I started going back thru my old blog posts (really, that’s one of the major perks to having a blog, being able to go back and see where we were, and how much things have changed – and how much they haven’t). In honor of today being December first – I thought I’d repost one of my earlier entries on the December Dilemma. And if anyone in the Worcester area is reading this and it’s before December 11 – my synagogue (Beth Israel in Worcester) is hosting it’s first ever discussion group on the December Dilemma on 12/11, from 4:15-5:15. This is an event that I’ve wanted to have for years – and I’m hoping for a good turn out.
The December Dilemma – repost from December, 2009
It’s an actual dilemma – I didn’t make up the name. This whole December/holiday problem comes up every year for families that are interfaith. Not that we’re technically interfaith anymore, because the kids and I converted to Judaism earlier this year. But unfortunately – it’s still a dilemma.
This morning, Marc and I had our annual battle over the holidays. The worst part is that it’s all theoretical – we weren’t fighting over whether we’d be celebrating Hanukkah (we are) or if we’d be putting up a tree (we’re doing that too). For me, Christmas isn’t a religious holiday – but it’s still a beautiful one, filled with tradition and peace and goodwill towards men. I have wonderful memories of Christmas as a child. And because we were never really a traditional Catholic family (most of my family would self identify as pagan or wiccan if asked), I don’t have any religious associations with it.
But for a Jewish person – someone who was raised Jewish – Christmas does have all sorts of negative religious associations. And it’s hard for Marc to compromise. Not that he’s not going to compromise, not that he’s ever said that I can’t get a tree or put up my little nativity scene that my mom made me when I was a kid. But he’s not thrilled with it – and I want him to feel better about it. I essentially was fighting with him about the way he feels and not the way he’s acting. Because actions – he’s great with that. He’ll go get me my tree, and let me string up the lights and hang the candy canes. He enthusiastically watches all the Christmas specials with the kids, and will come with me to my mother’s house on Christmas Day.
I didn’t grow up Jewish, and I’m okay with that. I’m very happy with my spiritual path, the road I’ve taken to get to where I am, and I wouldn’t change that. I don’t want to pretend that I didn’t celebrate what, for me, is a wonderful, life affirming, joyous time of year – and I don’t want to deprive my kids from that. But I AM Jewish – and I don’t want to change that either. Left to my own devices, I don’t have any conflict with lighting the menorah and making potato latkes and putting up a tree and leaving cookies out for Santa. Because one is spritual, one is a celebration of a miracle, it’s a way of bringing light into the darkest time of the year – and one is just fun, pretty lights, candy canes and jingle bells. My kids know the difference – and are able to appreciate each holiday for what it represents to them. I just wish sometimes it was easier for Marc to get there.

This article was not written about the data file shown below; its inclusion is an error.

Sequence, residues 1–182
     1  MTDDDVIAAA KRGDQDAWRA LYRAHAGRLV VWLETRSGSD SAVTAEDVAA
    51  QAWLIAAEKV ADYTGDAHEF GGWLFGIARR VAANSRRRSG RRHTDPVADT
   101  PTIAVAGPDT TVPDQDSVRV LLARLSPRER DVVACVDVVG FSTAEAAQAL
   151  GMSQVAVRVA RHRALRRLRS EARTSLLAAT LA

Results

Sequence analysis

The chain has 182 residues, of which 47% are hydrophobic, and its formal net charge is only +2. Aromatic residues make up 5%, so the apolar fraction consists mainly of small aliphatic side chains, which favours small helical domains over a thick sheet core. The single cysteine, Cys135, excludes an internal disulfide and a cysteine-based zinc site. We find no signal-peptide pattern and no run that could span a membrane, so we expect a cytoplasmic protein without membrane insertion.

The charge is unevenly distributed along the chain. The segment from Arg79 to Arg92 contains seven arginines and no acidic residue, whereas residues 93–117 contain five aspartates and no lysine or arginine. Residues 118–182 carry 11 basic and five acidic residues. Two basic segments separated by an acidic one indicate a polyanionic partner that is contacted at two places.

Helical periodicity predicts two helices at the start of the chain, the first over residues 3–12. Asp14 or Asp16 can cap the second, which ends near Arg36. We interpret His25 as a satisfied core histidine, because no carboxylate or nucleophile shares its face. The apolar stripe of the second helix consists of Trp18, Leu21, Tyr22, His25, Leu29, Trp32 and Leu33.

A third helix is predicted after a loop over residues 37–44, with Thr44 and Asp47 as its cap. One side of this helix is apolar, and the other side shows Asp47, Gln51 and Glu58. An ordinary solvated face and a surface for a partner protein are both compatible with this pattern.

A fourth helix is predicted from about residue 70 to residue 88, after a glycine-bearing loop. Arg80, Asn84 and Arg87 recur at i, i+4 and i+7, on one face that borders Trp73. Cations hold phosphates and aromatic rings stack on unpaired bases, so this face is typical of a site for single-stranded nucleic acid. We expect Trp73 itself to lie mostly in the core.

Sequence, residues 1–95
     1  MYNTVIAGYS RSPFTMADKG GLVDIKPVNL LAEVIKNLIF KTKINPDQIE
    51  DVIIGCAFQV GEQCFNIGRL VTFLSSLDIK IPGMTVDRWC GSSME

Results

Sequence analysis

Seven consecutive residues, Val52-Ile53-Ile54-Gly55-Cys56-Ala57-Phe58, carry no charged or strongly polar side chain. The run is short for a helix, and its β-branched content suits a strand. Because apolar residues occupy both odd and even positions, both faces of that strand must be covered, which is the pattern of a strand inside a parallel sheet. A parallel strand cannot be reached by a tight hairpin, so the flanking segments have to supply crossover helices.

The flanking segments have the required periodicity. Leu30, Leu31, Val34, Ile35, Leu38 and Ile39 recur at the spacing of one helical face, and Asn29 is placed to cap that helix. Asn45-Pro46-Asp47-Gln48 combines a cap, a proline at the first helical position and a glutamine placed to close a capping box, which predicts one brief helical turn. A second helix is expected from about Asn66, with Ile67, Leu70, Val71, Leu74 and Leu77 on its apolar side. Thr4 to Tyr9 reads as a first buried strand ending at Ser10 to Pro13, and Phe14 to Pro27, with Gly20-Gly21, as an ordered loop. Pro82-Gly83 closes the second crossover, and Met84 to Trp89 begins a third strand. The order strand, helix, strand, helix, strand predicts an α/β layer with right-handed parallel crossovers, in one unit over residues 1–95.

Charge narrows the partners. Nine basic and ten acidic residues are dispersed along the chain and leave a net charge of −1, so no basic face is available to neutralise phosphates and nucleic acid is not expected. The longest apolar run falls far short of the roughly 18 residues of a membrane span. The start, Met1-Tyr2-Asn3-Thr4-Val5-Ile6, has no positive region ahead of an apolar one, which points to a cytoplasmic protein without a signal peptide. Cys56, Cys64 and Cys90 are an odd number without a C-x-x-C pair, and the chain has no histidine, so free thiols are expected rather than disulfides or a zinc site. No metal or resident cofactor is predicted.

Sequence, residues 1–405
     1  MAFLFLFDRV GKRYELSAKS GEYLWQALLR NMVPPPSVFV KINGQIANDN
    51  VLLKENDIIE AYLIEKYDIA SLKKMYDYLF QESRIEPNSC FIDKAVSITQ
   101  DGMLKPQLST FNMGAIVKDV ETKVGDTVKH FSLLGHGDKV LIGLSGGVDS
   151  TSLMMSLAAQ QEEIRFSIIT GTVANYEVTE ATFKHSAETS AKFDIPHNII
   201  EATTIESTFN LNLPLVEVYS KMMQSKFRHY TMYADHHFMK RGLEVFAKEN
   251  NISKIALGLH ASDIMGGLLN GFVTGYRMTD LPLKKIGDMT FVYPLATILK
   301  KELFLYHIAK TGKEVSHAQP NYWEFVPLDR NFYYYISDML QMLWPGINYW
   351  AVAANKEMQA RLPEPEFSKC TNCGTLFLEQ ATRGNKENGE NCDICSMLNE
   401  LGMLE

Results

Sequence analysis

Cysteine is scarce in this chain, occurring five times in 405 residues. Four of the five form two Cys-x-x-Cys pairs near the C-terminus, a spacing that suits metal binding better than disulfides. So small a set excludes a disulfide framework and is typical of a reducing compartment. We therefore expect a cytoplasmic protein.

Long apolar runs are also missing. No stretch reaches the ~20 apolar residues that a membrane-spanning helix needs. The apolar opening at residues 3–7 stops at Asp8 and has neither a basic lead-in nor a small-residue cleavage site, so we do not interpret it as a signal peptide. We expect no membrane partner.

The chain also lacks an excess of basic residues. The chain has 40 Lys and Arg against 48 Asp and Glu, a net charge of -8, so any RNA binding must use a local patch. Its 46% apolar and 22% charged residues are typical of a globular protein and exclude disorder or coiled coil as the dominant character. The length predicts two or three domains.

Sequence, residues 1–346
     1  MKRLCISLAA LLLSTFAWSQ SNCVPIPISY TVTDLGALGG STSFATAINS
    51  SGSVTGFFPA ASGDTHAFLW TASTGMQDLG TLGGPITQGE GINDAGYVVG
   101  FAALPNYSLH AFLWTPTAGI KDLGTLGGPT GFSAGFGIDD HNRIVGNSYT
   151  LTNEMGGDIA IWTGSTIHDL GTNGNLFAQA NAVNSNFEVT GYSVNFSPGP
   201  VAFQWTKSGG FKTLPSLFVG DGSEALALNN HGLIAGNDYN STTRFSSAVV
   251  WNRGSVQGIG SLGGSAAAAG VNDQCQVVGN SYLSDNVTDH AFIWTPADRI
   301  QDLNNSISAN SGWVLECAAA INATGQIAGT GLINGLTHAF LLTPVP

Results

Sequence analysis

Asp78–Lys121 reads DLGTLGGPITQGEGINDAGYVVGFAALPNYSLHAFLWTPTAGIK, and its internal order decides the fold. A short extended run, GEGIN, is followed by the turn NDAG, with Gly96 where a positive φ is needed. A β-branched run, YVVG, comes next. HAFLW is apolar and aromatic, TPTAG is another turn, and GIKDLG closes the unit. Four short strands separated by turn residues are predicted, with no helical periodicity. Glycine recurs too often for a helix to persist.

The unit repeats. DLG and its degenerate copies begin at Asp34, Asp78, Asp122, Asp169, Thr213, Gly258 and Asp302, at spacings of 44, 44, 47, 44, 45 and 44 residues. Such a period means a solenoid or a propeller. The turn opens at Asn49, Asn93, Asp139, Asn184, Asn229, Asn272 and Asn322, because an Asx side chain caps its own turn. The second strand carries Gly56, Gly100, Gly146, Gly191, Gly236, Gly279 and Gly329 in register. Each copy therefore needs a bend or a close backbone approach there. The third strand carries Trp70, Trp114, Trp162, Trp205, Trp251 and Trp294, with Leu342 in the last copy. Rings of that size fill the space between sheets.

It would be easier, I think, if Marc had gone thru a conversion process similiar to the one that I went thru. If he had thought about all of this, figured out what’s important to him, what he’ll compromise on, what he can’t, how he wants to raise the kids, etc. But there’s no conversion process for Jews who marry girls who aren’t Jewish. And even though I’ve converted, there are still compromises that he has to make, just because I’m not, nor will I ever be, a person who grew up Jewish. I can’t magically erase my past, and more importantly, I don’t want to. I don’t want to hide who I am and my family’s traditions from my kids. I’m perfectly comfortable with being a Jewish woman who celebrates Christmas as well as Hanukkah. I’m very comfortable with the December Dilemma – I worked my way thru it over the past couple of years ago. It’s just occuring to me that Marc missed out on that – he missed out on that introspection, that really deep thinking about what our marriage means to him, what it means to raise children with someone of a different background.
We’ll survive the December Dilemma – we do every year. And in the end, it’s precisely because of who we are that keeps us together. I know that he loves me, exactly as I am, and I know that I feel the same about him. Our children will grow up with a strong Jewish identity – but they’re also going to grow up knowing all the words to the 12 Days of Christmas and craving candy canes every December. And that’s exactly the way I want it to be.